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A number of people, many of the Esports aficionados, think that the final frontier in the journey for legitimisation of Esports is the entry into Olympics. There are already talks with the International Olympic Committee. There have been some positive news that Esports will make its entry as a non-competitive item in the Asian Games and Olympics in the near future.
But do Esports require Olympics participation for achieving public recognition? No should be the answer.
Take the case of table tennis, now an Olympics-recognised sports item. It made its Olympic debut in 1988. The game’s organisers had spent 57 years pushing for its inclusion. But what may surprise you is that a major roadblock was internal from the International Table Tennis Federation (ITTF), not external from the International Olympic Committee (IOC). There had always been disagreement as to whether inclusion in the Olympics as an event would benefit the sport.
Former ITTF chairman Ivor Montagu represented the anti-Olympic view, saying, “I am opposed to the inclusion of table tennis in the Olympic Games,” adding among his reasons, “Table tennis does not need the Olympics. For us, they are a duplication.”
It is an interesting history, considering table tennis has been compared to esports in Olympic contexts. That comparison is not always apt, except in a clear way: For esports, inclusion in the Olympics would be an unnecessary and harmful duplication.
There are some esports that slide into an Olympic setting extremely well. At Unikrn, we work closely with NBA 2K League teams, which launched its inaugural season this year and largely targets young sports fans as an audience. There’s a natural synergy between NBA 2K play and traditional sports.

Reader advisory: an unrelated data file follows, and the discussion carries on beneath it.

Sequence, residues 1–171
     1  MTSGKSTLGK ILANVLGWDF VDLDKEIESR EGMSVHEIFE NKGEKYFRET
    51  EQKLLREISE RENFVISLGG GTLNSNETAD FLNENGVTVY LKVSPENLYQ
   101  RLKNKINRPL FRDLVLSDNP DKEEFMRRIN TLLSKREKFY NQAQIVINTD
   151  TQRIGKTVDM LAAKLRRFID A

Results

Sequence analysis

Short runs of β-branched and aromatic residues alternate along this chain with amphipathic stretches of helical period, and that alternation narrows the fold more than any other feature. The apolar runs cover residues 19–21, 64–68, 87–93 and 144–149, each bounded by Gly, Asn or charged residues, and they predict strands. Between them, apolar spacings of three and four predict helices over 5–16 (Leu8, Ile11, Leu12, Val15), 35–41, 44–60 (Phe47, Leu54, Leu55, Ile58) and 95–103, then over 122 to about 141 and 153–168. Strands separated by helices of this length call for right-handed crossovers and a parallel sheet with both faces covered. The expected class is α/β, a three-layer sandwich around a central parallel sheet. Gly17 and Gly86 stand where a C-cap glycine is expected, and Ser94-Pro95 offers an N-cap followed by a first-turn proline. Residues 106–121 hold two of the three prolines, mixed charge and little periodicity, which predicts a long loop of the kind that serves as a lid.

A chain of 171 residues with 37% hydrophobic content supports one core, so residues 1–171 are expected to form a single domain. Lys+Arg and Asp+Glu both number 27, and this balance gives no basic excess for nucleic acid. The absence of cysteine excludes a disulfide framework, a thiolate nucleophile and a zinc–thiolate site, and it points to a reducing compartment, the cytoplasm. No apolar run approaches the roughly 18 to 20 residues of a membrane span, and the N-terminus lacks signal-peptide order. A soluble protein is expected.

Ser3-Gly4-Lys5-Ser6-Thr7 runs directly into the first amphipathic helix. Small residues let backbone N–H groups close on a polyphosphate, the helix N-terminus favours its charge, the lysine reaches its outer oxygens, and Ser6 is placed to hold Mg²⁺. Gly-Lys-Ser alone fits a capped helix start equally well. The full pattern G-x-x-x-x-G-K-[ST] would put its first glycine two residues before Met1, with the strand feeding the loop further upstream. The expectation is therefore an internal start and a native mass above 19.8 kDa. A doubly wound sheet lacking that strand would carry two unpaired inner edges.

But NBA 2K is not a major esport like Counter-Strike: Global Offensive and others; it’s a new, growing franchise and has an unusual connection with traditional sports audiences. The NBA 2K League is largely a funnel to interest more gamers in watching real basketball.
Hearthstone and other trading card games are potentially strong fits as well, especially given their potential to have individual competitors instead of national teams.
Most esports do not fit the Olympic mold. Every non-showcase event in the Olympics has had a major physical component to competition – some less so than others – but the less physically demanding an event, the more cultural history it has. Archery, riflery, and equestrian sports are all preserving skills that have deeply entrenched historical value and are showcased through the legacy of the Olympic games.
The Olympics have become an act of preservation, and esports are an act of disruption. We are the future, not the past.
Source: venturebeat.com / Rahul Sood
Source: European Gaming Industry News